A movie about a journalist who questions the honesty and sincerity of his profession, especially himself, What Goes Up may also be considering inadvertently the questionable moral fiber in moviemaking too. If so, What Goes Up, in its feverish and unfocused search for a seemingly vague ideal of raw truth, crash lands instead, and with minimal dramatic impact.
Writer/director Jonathan Glatzer frames What Goes Up as two parallel stories that don’t quite gel. It’s the mid-1980s during the Reagan era, as the country is poised for the ill-fated takeoff of the Challenger Space Shuttle, with Concord, New Hampshire teacher and the first civilian astronaut Christa McAuliffe, on board.
Meanwhile, back in New York City, jaded journalist Campbell Babbitt (Steve Coogan) has fallen out of favor with his tyrannical editor. Who declares in no subtle terms, that ‘you smell and you’re writing is baroque,’ as she banishes him to Concord to write a story about their suddenly famous space cadet hometown girl.
Babbitt is at the same time harboring more personal concerns, including a chronic guilt trip about having a secret affair with one of his interview subjects for an article, followed by her suicide. And in a bid to alleviate his current self-loathing, Babbitt has embellished his series of stories about the woman with what may be more diplomaitcally termed, unabashed hyperbole.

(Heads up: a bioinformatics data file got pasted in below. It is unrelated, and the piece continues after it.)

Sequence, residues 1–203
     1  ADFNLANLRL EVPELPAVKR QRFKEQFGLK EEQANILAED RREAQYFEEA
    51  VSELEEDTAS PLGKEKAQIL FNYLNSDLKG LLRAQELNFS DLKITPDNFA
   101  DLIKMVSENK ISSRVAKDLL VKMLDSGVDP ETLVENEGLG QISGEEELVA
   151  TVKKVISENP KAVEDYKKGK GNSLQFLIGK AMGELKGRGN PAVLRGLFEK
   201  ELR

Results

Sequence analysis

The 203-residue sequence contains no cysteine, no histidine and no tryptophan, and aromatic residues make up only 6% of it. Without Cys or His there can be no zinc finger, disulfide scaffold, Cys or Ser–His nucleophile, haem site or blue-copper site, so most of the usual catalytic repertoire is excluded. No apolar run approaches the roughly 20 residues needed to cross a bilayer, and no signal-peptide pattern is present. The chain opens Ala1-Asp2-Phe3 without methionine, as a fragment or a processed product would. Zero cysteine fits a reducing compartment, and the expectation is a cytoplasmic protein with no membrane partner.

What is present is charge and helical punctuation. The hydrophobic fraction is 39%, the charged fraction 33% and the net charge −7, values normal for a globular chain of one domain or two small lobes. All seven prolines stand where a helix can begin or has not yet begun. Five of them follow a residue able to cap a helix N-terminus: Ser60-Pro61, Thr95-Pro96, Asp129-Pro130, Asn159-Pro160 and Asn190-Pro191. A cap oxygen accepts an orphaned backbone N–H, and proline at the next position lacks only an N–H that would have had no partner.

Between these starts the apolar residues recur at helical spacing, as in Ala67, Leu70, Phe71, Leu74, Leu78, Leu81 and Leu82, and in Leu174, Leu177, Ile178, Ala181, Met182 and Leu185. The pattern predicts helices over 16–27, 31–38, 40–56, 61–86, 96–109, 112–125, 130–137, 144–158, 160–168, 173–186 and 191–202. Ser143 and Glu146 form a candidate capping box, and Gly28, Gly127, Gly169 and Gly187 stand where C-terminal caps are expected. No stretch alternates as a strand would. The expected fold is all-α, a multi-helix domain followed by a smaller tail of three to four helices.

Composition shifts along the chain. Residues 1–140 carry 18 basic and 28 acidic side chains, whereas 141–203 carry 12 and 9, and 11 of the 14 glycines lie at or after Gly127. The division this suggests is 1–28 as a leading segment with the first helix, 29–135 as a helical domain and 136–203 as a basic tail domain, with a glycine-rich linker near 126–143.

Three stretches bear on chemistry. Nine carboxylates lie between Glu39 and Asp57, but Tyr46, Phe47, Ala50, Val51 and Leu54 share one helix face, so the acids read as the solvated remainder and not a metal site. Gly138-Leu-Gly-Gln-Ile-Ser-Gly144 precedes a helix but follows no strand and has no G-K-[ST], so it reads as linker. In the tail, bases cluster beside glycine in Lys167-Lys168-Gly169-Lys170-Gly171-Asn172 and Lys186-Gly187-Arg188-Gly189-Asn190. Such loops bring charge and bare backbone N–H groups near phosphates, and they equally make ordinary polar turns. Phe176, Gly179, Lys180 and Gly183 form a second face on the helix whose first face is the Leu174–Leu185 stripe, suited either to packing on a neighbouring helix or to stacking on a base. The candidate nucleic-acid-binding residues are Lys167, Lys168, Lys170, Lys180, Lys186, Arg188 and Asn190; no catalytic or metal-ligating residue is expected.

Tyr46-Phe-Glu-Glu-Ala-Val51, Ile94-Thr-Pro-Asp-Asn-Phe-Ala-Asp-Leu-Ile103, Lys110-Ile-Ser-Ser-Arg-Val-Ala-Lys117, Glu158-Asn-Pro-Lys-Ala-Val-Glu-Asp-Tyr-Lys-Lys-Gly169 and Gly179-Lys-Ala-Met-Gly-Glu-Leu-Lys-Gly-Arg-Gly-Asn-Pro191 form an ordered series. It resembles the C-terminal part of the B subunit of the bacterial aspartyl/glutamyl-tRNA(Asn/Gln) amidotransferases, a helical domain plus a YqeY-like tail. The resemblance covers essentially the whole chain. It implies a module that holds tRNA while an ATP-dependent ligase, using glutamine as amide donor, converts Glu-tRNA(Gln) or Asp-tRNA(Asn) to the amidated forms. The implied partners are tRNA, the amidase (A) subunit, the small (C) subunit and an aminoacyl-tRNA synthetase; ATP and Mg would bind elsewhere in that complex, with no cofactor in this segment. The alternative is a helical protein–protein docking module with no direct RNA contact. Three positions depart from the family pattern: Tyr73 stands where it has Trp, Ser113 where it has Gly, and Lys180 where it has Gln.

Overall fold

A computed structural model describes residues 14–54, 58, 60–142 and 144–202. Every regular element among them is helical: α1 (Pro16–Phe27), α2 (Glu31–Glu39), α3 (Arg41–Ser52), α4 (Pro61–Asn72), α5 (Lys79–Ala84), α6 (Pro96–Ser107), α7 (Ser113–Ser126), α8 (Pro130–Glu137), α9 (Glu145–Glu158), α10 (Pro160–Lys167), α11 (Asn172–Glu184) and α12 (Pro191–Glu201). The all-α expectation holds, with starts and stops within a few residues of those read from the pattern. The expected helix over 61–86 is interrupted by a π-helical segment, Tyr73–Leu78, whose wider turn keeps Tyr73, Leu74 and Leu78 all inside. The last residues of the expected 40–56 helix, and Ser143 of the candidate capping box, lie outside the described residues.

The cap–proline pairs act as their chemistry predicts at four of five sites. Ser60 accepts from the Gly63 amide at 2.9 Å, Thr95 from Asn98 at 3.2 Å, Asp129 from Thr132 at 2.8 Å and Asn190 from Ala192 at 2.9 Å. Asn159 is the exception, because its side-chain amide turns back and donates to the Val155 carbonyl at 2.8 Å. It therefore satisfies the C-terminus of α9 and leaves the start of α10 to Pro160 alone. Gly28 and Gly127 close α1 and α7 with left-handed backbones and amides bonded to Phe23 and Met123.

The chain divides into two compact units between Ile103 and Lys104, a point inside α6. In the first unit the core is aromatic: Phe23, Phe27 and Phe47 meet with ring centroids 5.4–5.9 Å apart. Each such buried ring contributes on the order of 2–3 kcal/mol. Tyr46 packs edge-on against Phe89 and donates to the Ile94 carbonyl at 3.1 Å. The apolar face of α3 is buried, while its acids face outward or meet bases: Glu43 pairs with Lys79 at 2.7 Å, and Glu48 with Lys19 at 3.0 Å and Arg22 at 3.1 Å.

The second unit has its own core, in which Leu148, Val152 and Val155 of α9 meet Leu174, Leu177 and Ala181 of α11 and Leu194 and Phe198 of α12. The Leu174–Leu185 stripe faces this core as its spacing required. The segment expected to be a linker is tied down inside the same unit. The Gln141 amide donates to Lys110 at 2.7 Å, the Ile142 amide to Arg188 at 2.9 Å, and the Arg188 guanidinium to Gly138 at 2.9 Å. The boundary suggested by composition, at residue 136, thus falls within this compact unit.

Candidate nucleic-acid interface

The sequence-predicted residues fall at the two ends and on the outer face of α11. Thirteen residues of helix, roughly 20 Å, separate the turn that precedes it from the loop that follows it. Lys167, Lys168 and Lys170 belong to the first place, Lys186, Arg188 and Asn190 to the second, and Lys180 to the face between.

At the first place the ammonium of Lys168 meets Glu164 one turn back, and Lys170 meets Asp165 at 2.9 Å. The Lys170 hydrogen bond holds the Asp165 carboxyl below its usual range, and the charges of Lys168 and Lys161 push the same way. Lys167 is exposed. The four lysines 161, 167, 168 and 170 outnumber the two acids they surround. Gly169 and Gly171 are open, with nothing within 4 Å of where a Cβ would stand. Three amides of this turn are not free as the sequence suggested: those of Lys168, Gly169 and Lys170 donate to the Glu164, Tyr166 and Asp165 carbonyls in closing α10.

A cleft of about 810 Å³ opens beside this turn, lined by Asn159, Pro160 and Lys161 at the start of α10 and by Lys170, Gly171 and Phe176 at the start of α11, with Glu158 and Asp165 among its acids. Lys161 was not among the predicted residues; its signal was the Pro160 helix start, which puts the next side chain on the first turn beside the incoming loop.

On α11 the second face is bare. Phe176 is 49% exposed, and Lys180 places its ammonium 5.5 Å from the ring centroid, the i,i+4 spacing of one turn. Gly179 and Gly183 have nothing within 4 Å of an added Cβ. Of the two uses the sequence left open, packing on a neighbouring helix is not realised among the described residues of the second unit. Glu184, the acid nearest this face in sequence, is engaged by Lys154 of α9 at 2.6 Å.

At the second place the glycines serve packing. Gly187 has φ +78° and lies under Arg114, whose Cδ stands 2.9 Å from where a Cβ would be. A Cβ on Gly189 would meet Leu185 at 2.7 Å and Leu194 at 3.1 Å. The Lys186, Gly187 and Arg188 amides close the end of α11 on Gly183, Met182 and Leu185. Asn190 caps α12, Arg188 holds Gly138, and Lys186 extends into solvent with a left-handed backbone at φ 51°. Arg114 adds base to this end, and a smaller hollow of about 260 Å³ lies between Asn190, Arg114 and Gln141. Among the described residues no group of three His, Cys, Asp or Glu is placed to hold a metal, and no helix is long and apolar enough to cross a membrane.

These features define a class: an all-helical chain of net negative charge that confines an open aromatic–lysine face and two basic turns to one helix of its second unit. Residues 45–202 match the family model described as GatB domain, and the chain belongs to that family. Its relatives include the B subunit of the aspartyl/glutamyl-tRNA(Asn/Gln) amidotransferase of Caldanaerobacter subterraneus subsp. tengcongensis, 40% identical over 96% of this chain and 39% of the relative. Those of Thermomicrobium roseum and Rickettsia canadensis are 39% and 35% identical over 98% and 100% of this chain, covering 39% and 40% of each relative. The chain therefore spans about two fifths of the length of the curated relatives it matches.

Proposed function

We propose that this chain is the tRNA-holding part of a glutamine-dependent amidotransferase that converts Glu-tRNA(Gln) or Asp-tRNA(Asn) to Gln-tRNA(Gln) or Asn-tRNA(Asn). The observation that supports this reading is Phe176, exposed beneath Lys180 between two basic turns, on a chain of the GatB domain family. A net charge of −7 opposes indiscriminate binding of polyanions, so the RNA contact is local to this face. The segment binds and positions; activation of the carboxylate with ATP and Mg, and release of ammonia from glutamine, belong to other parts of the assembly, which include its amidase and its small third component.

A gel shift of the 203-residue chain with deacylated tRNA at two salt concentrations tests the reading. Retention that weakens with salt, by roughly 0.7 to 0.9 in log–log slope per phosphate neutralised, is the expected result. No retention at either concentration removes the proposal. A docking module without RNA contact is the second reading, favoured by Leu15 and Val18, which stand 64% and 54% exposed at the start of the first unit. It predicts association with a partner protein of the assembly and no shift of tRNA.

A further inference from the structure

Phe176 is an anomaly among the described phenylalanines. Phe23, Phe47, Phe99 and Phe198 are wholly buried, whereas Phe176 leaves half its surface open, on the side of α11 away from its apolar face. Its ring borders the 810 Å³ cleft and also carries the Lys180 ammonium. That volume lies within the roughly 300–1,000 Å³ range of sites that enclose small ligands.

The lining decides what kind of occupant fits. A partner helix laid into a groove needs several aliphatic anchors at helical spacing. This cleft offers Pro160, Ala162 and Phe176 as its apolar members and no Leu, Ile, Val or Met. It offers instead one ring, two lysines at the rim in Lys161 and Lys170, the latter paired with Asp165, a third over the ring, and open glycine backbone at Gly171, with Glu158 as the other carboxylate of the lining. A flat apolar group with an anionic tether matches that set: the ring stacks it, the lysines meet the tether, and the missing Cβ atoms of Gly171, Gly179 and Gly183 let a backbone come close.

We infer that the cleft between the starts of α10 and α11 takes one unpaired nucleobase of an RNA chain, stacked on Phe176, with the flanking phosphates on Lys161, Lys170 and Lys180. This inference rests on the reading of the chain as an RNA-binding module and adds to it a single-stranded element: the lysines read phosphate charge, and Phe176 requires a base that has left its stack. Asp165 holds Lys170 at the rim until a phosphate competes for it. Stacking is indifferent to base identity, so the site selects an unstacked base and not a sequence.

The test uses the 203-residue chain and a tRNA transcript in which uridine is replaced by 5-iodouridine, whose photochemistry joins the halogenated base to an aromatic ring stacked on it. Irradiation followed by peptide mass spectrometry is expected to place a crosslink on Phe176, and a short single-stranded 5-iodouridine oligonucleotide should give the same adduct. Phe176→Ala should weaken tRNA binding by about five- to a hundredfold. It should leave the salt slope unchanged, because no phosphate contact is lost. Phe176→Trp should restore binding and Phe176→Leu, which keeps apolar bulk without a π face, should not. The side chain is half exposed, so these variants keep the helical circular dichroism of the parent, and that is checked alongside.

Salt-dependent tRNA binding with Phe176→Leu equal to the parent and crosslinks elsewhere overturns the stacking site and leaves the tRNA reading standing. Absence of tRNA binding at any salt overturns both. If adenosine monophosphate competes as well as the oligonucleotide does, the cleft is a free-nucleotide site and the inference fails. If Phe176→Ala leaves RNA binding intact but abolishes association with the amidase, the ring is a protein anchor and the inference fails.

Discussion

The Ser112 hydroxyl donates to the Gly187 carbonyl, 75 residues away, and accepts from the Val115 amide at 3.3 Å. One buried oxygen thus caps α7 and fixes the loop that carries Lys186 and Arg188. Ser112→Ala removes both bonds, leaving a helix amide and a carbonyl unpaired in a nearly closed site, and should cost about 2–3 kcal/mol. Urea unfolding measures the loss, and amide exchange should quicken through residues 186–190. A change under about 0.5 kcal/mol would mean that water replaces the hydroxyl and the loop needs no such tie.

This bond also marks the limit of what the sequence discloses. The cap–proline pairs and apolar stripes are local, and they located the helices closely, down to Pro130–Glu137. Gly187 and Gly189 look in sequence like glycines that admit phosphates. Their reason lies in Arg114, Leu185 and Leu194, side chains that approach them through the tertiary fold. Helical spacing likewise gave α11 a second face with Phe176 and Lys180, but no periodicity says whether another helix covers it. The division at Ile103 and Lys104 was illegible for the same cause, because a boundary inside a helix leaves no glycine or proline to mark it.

When Babbitt reluctantly arrives for his assignment in the dreary boondocks, he tries to locate an old college friend who has also just committed suicide. And Babbitt discovers that his recently departed chum happened to be known locally as ‘our almost priest,’ and was a favorite teacher if not scandalous guru to a gang of bratty, raging hormone challenged alienated teens.
Among them is Lucy (Hilary Duff), a tempermental student who may have been having a romance with the teacher; Tess (Olivia Thirlby), a brooding girl who has been possibly just knocked up by her lascivious uncle and is in need of an abortion; and Jim (Josh Pack), a somewhat disturbed boy who is inclined to grave robbing, and climbs trees to engage in impulsive auto-erotic voyeurism targeting breastfeeding moms. There’s also Penelope (Molly Shannon), a frazzled lonely teacher who may likewise have had an affair with the departed almost priest, and sets her sights on a horrified Babbitt as an automatic romantic replacement.
If this sounds like a movie overstuffed with plot threads that never quite come together, it’s more than true. And by the way, in this midst of this deluge of teen angst, Babbitt also grabs a Pulitzer for his aforementioned tainted series, restoring his relationship with that contemptuous editor just before the Challenger crashes somewhere in the movie as a lost and found narrative sidebar.
Hilary Duff and the other young actors should not be faulted here for the lame adults around them, both in the movie and behind the cameras. They excel at projecting the confusion and anguish of students in crisis, and all of them deserve an A. The filmmakers are another matter.
Three Kings Production